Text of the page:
Container gardening is a great way to express your individuality and artistic ability. Plants in containers are easy to care for and they’re almost guaranteed to stay small and not creep into other gardens. They can be moved around for variety or out of the way when you need the space. Best of all, they can be kept close to where you can enjoy them. Use your imagination and you will have beautiful container plantings to enjoy through all the seasons!
What You Will Need
- A container with drainage (see below)
- Plants (see below)
- Potting soil – best to use soil mix that is specifically formulated for containers (water retentive)
- Pottery sealer to seal the inside of pottery container
Almost anything that holds soil and lets water drain is suitable for containers. There are an amazing variety of nice looking and inexpensive glazed and plastic pots and large containers available at nurseries and even big-box stores. But you don’t need to buy one, for often perfectly serviceable used or discarded containers may be found around the home.
- Terra cotta pipes
- Watering cans
- Pottery containers
- Wood containers (preferably cedar)
Container Plant Suggestions
Consider colors and shades that compliment each other, alternating bloom times to keep your garden fresh and interesting throughout the season, and plant textures that work well with each other.
- Annuals – can also be used for fillers such as: sweet alyssum, sweet potato vine, lobelia, bacopa, petunia, geranium
- Perennials – heuchera, campanula, lavendar, scabiosa, rosemary, verbena, moss roses
- Evergreens – hebe, dwarf boxwood, spirea, yew, camelia, cotoneaster, nandina, mugo pine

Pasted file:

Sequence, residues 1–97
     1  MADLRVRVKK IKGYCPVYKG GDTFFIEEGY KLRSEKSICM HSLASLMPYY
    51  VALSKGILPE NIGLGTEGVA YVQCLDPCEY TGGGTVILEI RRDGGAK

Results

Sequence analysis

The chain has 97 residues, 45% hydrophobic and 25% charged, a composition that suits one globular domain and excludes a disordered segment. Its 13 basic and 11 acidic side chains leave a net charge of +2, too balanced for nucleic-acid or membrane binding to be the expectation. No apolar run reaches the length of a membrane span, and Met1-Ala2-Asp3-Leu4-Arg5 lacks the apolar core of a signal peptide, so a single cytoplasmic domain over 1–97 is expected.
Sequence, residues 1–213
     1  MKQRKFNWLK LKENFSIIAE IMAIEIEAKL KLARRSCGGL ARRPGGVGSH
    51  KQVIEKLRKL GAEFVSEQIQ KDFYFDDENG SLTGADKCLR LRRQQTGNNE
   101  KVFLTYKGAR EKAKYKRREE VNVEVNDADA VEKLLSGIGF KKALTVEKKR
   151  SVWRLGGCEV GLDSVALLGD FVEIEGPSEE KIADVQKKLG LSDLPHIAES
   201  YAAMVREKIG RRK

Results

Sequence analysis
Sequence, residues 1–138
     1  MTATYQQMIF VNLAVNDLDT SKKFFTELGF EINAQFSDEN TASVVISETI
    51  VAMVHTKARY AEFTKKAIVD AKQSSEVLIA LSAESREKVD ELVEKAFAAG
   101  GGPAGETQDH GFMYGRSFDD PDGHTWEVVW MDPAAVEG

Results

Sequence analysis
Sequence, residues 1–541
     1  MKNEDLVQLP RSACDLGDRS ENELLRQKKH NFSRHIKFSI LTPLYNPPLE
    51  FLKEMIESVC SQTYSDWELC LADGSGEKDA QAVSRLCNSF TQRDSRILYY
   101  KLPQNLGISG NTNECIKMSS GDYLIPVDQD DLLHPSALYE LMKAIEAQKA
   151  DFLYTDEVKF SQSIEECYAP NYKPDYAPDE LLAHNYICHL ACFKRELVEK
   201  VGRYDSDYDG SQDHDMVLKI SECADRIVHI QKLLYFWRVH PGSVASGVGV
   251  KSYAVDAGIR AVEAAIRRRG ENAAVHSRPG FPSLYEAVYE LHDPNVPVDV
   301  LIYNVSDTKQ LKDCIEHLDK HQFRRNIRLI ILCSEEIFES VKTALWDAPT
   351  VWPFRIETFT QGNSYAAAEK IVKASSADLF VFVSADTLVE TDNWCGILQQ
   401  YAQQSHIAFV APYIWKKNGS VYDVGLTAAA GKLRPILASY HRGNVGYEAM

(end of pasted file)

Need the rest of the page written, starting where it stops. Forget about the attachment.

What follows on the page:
- Grasses – black mondo, sedge, purple fountain grass, blue fescue
- Vines – clematis, wysteria, potato vine, trumpet vine
- Trees – any small tree, pee gee hydrangea, harry lauder walking stick, twisty baby black locust
Container Water Feature
To make a container water feature, use anything with an interesting shape that will hold water, such as:
- An old birdbath
- Ceramic container without drainage holes
- Concrete bowl
- An old wheel barrow
Fill with any planting material that thrives in water or a marshy soil, such as azola (fairy fern), variegated four-leaf water clover, water lettuce. The simple water feature shown here contains Azola, which is a small leaved aquatic plant that thrives in morning sun.
The amount of sun, wind and amount of soil in your container will determine how often you will need to water. It is usually better to give good soaking with the soil dries out than little amounts of water very often. If your plants are not doing well in the location you have chosen, move the container so that it gets more or less light, more or less shelter.